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Building the Capacity of Drinking Water Systems

South Carolina

State Agencies Supporting Water System Partnerships

South Carolina Department of Health and Environmental Control (DHEC)

South Carolina Public Service Commission (PSC)

South Carolina Office of Regulatory Staff (ORS)

State Policies and Programs Regarding Water System Partnerships


Projects that involve consolidation or regionalization receive a higher ranking on the DWSRF project priority list. In addition, the DWSRF program offers a 1 percent capacity development rate to fund system upgrades and improvements that can help encourage a viable system to take over a non-viable system. Projects that do not include consolidation of water systems when consolidation or regionalization is the most feasible alternative are ineligible for DWSRF funding. 30 percent of each annual federal capitalization grant is allocated as additional subsidies to encourage consolidations, most of the time in the form of principal forgiveness loans.


South Carolina has partnered with the South Carolina Council of Governments (COG) to fund evaluations of municipal water systems to assess the feasibility of consolidation. The Capacity Development Program has been involved with facilitating regionalization projects in conjunction with the DWSRF program, South Carolina Department of Commerce, South Carolina Budget & Control Board-Office of Local Government, and other non-governmental organizations.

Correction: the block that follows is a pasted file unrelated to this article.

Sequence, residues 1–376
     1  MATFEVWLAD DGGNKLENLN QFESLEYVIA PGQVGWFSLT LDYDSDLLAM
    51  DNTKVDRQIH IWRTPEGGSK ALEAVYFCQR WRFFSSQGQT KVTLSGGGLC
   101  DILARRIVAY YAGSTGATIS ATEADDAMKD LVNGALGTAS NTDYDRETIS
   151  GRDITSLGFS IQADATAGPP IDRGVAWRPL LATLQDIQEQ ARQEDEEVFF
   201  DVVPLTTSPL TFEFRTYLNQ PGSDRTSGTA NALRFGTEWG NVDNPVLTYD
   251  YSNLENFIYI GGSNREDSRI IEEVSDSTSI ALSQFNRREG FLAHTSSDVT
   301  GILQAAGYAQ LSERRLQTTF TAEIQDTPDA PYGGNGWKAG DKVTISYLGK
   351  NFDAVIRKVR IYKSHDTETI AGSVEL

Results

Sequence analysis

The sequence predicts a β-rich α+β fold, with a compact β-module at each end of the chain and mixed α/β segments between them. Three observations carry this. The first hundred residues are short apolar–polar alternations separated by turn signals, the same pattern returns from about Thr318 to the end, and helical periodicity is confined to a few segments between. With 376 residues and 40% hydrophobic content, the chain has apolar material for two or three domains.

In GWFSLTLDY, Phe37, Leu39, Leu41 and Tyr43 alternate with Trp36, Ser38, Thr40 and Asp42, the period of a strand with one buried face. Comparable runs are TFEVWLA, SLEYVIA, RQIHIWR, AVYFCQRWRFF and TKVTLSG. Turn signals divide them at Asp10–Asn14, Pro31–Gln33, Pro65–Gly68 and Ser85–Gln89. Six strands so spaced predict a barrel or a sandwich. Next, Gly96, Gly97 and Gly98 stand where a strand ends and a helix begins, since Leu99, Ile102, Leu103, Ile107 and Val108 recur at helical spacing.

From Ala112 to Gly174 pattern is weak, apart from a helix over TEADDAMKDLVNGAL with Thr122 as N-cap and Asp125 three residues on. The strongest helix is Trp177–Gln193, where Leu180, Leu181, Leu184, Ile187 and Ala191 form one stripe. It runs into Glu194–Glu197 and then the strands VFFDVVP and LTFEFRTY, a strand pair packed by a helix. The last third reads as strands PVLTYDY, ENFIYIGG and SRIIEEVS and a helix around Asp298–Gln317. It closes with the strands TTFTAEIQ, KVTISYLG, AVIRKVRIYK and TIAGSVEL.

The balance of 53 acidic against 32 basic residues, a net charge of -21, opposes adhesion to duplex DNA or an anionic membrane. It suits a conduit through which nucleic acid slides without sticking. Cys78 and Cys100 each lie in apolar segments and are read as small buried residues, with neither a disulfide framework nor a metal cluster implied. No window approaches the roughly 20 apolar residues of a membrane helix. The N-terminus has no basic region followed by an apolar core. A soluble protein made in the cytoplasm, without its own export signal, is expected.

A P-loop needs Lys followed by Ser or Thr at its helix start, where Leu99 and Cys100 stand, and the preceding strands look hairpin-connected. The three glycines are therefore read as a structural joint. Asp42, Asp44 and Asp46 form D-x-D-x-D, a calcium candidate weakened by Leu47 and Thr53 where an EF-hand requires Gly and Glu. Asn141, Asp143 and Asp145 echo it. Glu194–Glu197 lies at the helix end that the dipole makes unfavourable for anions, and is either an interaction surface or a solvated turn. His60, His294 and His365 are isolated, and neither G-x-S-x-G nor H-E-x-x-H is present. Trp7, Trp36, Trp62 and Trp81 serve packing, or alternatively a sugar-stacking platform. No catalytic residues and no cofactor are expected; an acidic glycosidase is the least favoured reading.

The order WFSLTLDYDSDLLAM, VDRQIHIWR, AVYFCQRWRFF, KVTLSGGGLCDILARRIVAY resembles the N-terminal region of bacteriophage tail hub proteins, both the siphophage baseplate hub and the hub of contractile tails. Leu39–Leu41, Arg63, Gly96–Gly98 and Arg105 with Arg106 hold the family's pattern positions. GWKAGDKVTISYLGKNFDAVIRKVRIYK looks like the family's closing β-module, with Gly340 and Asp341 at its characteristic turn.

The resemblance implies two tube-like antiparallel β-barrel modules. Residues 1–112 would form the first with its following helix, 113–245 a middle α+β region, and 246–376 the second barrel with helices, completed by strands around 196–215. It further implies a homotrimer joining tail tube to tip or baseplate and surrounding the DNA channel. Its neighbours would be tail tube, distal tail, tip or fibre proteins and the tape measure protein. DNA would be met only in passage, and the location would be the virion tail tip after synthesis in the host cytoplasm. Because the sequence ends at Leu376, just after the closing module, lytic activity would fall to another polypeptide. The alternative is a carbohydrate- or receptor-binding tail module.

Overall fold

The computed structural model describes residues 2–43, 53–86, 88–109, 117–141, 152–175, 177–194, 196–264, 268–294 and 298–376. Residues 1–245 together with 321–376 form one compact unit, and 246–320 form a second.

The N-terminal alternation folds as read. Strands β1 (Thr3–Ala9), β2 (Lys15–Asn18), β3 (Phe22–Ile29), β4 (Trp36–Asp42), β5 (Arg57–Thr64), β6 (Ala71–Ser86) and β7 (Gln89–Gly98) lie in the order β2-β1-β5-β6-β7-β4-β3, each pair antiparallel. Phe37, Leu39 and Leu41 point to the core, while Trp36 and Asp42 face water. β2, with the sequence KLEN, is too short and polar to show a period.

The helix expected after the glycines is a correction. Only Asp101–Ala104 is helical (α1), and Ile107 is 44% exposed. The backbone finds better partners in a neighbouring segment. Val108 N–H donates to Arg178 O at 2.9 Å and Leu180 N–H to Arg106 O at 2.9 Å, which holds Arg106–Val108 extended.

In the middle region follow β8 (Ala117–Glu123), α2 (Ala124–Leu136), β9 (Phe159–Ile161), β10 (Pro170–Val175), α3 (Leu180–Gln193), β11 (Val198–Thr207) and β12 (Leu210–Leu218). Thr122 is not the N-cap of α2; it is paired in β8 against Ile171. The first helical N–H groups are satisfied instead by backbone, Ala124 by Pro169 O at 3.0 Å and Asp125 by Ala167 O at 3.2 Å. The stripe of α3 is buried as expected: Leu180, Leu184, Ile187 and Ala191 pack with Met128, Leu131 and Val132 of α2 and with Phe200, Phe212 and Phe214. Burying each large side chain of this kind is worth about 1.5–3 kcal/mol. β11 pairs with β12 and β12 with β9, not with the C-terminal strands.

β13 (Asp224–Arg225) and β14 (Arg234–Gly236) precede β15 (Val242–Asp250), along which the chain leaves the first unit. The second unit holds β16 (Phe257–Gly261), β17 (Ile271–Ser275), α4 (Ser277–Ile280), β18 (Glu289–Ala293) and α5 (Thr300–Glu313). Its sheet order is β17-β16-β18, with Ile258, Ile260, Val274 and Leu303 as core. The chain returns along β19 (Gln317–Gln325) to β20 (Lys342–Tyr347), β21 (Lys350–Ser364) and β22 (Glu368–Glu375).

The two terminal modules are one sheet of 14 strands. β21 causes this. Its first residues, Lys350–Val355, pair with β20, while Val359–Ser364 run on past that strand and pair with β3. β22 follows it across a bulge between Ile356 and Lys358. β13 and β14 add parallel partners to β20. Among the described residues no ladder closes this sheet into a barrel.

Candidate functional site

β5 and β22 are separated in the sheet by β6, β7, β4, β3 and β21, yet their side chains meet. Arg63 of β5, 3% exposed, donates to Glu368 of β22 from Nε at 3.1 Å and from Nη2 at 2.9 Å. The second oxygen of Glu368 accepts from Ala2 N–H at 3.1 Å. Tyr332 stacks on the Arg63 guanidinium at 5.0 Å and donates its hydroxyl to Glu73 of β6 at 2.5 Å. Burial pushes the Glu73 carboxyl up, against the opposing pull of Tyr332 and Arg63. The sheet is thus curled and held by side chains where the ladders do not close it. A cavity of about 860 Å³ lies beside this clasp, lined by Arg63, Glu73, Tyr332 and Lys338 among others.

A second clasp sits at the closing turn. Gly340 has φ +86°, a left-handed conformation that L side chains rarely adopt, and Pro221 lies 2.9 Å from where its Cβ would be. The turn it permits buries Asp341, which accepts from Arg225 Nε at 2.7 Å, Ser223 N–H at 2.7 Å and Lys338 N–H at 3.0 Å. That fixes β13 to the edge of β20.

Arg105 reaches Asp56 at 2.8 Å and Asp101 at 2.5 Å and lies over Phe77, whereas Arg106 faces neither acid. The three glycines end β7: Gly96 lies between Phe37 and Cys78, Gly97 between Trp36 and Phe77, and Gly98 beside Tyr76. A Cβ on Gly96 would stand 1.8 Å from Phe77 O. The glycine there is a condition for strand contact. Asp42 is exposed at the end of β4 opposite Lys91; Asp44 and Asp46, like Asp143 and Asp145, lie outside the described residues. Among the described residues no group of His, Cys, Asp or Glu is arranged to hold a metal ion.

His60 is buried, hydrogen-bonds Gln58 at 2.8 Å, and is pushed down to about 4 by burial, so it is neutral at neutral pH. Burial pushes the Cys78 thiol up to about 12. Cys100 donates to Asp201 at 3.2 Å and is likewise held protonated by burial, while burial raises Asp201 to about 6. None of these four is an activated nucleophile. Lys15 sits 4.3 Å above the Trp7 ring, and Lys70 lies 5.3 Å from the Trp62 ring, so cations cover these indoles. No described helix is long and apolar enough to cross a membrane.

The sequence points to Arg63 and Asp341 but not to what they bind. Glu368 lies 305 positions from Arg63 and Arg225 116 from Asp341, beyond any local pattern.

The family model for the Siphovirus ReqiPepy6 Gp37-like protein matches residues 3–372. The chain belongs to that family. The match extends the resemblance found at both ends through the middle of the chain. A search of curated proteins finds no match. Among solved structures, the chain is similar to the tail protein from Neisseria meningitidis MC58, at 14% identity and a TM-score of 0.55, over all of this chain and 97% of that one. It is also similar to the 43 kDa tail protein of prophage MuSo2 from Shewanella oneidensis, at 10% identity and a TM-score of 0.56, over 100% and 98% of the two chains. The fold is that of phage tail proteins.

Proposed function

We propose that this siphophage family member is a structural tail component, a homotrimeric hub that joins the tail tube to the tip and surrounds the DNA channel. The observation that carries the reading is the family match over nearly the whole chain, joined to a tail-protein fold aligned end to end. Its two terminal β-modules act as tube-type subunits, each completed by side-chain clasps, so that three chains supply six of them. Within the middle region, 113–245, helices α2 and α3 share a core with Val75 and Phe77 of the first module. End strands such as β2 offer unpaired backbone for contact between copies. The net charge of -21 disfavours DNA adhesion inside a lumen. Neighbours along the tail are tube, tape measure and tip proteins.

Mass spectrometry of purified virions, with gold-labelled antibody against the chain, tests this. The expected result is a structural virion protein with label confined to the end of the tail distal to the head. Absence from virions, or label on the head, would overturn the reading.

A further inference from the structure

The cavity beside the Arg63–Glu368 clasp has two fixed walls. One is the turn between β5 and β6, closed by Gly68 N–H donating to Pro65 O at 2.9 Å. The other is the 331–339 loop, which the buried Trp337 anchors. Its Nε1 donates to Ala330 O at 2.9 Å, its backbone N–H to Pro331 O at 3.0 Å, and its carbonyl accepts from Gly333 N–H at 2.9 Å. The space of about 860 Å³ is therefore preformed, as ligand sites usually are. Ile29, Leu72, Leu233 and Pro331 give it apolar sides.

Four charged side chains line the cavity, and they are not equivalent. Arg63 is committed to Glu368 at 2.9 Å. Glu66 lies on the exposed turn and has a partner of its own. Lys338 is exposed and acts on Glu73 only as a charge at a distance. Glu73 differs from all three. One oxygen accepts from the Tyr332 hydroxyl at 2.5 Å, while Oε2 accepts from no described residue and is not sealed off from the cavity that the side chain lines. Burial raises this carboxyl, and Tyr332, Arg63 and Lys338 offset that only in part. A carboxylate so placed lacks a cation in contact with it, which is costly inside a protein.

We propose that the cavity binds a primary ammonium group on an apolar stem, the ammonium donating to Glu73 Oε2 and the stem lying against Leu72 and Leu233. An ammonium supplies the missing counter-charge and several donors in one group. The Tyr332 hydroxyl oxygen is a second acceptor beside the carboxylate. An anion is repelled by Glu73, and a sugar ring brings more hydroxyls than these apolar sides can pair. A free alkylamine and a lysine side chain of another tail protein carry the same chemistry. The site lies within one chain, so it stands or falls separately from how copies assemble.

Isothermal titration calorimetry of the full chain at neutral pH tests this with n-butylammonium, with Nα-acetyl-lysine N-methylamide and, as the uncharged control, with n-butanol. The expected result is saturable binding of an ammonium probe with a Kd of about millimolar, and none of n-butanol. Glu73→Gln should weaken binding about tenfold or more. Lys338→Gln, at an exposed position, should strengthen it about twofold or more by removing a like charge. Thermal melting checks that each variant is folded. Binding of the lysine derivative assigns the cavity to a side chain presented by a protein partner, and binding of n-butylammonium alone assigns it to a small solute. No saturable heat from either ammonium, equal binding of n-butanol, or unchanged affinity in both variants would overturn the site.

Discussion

The South Carolina DHEC can petition the State’s Administrative Law Court to appoint a receiver for a system whose owner is recalcitrant towards regulatory requirements; if the system is privately-owned, the PSC may also be involved in this process. The ORS represents the consumers in such actions and will petition the PSC to allow use of the system owner’s bond with the PSC to be liquidated to fund the system’s operations between receivership designation and new owner designation. 


When a small business water system applies for a construction permit, they must provide the name of and distance to the nearest publicly-owned water system. They may also be required to submit a cost estimate for connecting to this system. In addition, they must agree to connect to a PWS whenever the water line from such a system becomes contiguous to the business’ property.

Helpful Links to State Resources